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Br J Anaesth. 1994 Nov;73(5):667-72.

Cerebral effects of nitrous oxide during isoflurane-induced hypotension in the pig.

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  • 1Department of Anaesthesiology, National Cheng Kung University, College of Medicine, Tainan, Taiwan, R.O.C.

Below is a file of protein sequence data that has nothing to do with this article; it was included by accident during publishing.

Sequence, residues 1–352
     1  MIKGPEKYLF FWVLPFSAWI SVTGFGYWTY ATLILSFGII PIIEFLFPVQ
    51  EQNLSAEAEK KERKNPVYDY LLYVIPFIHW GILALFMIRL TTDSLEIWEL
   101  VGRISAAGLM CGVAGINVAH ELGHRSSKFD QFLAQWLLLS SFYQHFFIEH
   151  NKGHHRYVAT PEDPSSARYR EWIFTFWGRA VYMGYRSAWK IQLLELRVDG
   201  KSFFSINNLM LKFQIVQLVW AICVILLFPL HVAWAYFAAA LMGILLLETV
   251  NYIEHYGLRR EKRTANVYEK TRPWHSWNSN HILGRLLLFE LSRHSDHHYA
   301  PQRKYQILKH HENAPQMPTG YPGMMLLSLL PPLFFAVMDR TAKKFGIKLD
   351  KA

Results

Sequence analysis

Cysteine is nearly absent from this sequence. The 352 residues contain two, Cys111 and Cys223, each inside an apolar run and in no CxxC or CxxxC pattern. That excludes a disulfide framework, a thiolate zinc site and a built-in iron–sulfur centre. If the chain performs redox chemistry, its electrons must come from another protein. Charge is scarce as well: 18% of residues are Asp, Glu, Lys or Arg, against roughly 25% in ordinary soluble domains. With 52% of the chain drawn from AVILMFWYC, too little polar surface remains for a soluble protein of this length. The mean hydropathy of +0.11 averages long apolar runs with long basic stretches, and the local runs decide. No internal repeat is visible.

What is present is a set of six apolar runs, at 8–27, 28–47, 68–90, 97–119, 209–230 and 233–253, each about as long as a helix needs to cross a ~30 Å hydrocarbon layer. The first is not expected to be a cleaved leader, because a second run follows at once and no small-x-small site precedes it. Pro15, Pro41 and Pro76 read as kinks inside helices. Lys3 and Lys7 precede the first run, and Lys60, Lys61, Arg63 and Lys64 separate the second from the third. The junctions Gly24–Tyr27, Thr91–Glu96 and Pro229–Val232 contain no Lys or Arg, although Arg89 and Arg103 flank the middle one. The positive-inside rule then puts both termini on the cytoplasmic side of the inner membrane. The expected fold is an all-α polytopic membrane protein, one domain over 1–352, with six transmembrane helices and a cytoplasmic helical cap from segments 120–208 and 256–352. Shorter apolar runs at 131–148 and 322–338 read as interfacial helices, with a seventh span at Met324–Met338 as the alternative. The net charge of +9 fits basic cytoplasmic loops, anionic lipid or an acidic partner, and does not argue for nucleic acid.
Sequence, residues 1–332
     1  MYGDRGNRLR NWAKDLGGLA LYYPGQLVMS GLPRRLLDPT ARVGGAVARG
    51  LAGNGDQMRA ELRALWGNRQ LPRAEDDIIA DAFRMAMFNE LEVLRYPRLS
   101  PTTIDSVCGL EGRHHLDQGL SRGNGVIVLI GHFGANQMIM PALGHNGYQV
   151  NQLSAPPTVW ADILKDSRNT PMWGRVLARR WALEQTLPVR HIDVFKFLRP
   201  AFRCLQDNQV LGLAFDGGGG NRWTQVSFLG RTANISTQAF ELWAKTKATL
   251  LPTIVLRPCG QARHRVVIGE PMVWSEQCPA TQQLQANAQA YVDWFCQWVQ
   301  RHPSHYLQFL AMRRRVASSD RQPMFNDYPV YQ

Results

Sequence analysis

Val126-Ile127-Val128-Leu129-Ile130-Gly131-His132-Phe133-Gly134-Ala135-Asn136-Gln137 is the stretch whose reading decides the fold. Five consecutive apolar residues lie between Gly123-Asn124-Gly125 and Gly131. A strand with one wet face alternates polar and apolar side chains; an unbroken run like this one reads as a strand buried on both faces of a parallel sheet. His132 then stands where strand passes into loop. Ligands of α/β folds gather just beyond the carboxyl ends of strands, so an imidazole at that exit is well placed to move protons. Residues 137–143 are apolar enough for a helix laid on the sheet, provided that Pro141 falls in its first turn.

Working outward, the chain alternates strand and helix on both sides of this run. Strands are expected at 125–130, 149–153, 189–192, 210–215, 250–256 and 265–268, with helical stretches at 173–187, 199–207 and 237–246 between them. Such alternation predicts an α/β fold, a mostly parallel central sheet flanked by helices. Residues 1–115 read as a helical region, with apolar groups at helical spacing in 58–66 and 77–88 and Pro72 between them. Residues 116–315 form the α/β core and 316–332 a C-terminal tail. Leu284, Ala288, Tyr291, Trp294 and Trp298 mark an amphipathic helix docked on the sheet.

We have studied the effects of nitrous oxide on cerebral blood flow (CBF), cerebral blood flow velocity (CBFV) and intracranial pressure (ICP) during isoflurane-induced hypotension in 10 pigs. CBF was measured using laser Doppler flowmetry, CBFV in the right middle cerebral artery was calculated using Doppler ultrasound and ICP was measured using an extradural ICP monitor. Each animal was studied under four conditions, examined sequentially: (i) mean intra-arterial pressure (MAP) 85 mm Hg, maintained with isoflurane, (ii) MAP 50-55 mm Hg, induced by isoflurane only, (iii) MAP 85 mm Hg, maintained with isoflurane and 50% nitrous oxide, and (iv) MAP 50-55 mm Hg, induced by isoflurane and 50% nitrous oxide. No significant differences were noted between conditions with respect to ICP. There was a significant difference in CBF during condition (ii) compared with (i) (mean 75(SD 21) vs 100(0)%) and during condition (iv) compared with (iii) (90(26) vs 109(13)%). Animals under condition (iv) exhibited a 20% reduction in CBFV compared with those under condition (iii) (57 vs 69 cm s-1). For animals under normotensive conditions, addition of nitrous oxide to isoflurane resulted in a 16% increase in CBFV (69 vs 60 cm s-1). Comparing isoflurane-induced hypotension ((ii) vs (iv)), there was no statistical difference in either CBF or CBFV on addition of 50% nitrous oxide. The correlation between changes in CBF and CBFV was not significant. We conclude that the use of nitrous oxide during isoflurane-induced hypotension has no significant effect on CBF, CBFV or ICP compared with the use of isoflurane alone.

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